LAWRENCE — Demonizing political opponents on the other side can have the tragic effect of enflaming extremists and possibly increase the likelihood of political violence, according to a University of Kansas researcher of extremist groups.
Federal law enforcement officials and national media reports Wednesday identified an Illinois man as the shooter who opened fire in the morning on Republican members of Congress, staff Capitol Police officers and others practicing for a charity Congressional baseball game. Majority House Whip Steve Scalise, R-Louisiana, was among those injured. The alleged shooter has died, and national media reports have focused on his past anti-Trump messages on social media.
Don Haider-Markel, professor and chair of the Department of Political Science, is available to discuss issues surrounding political extremism and political violence. Haider-Markel's has co-authored several studies on a range of topics surrounding political extremism, U.S. politics, public policy and responses to gun violence.
"Given what we know so far, it seems clear to me that this criminal act of violence can likely be classified as domestic terrorism in the same manner that I would classify the 2011 Giffords shooting in Arizona, the 2015 South Carolina church shooting, and the February Overland Park shooting of two Indian nationals as domestic terrorism," Haider-Markel said. "Each of these cases involved so-called lone-wolf attackers who have been inspired to act on extremist beliefs about their political opponents."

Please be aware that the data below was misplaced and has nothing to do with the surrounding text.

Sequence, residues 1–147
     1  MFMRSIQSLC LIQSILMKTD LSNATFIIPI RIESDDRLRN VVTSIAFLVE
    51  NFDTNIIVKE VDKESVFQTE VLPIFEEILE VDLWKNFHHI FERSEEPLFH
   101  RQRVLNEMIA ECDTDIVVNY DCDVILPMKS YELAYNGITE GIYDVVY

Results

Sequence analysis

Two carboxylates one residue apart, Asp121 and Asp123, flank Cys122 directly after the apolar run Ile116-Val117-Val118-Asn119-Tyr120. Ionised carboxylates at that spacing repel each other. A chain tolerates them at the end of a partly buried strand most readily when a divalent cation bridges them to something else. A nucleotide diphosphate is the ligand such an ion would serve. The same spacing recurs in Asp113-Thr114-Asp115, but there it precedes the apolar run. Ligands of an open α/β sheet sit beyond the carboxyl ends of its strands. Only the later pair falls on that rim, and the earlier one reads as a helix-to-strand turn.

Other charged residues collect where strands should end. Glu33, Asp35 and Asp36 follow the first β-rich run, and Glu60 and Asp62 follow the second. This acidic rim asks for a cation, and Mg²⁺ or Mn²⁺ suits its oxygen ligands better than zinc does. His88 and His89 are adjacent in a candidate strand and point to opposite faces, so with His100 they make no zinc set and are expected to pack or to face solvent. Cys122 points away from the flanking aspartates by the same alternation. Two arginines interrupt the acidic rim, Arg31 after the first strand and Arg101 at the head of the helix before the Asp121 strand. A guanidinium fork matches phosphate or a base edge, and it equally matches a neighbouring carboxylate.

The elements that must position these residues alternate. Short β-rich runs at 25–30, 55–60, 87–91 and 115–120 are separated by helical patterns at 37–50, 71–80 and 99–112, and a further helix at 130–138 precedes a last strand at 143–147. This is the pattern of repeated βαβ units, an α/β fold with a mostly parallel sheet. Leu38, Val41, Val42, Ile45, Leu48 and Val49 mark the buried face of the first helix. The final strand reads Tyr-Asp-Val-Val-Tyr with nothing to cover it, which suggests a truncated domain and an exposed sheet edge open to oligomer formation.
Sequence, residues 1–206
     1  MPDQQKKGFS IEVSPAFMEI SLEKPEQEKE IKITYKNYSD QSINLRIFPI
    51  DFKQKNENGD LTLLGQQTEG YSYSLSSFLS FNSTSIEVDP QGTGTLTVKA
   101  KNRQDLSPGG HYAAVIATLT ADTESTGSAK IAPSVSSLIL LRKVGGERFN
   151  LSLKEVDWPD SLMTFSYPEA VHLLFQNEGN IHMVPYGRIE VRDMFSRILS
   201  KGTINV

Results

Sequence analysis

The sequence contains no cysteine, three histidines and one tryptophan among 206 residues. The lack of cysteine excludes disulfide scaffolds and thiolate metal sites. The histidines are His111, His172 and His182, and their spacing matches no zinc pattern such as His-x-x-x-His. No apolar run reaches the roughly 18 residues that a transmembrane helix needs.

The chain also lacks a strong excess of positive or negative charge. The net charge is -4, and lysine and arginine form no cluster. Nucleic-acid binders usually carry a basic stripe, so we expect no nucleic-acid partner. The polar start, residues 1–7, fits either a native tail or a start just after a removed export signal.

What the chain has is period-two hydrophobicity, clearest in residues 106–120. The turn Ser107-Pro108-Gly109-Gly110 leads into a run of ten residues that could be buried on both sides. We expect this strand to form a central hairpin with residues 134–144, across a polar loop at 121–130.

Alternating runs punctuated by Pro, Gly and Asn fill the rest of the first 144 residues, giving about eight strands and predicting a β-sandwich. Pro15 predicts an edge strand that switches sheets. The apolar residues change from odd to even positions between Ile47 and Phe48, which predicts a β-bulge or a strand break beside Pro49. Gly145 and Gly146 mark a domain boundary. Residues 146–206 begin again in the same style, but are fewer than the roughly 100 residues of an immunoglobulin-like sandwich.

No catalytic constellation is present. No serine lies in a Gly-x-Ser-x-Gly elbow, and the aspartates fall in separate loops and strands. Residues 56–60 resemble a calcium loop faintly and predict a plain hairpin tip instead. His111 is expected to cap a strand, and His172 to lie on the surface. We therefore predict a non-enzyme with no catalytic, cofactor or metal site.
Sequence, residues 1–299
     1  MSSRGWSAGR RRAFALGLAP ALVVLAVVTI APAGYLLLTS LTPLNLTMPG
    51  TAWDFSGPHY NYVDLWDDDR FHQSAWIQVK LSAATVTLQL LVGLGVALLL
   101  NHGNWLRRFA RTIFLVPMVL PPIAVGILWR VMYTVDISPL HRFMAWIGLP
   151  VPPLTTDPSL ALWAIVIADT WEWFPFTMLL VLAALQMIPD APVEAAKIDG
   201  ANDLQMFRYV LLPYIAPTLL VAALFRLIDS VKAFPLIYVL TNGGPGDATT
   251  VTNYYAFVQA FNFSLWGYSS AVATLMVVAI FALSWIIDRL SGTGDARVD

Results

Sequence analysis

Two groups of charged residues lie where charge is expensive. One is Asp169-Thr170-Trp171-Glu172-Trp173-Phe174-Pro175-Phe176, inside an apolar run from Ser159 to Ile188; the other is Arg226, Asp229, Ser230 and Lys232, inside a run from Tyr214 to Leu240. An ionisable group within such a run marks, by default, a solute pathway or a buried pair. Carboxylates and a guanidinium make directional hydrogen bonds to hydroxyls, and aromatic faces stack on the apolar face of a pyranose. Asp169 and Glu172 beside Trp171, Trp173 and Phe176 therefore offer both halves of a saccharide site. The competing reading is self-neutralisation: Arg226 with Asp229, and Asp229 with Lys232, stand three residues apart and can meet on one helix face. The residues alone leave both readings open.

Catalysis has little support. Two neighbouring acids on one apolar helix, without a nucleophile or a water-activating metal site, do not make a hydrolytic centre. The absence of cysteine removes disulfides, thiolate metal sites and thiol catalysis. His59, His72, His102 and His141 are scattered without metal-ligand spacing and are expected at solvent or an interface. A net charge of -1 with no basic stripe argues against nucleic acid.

He said, unfortunately, the recent violent events should qualify as a lesson in giving legitimacy to voices that refer to the other side in a political debate as evil.
"Those on both the left and right should refrain from demonizing their opponents," Haider-Markel said, "lest they create more fodder for those with extremist beliefs to use as justification for criminal acts."
To arrange an interview with Don Haider-Markel, contact George Diepenbrock at 785-864-8853 or email@example.com.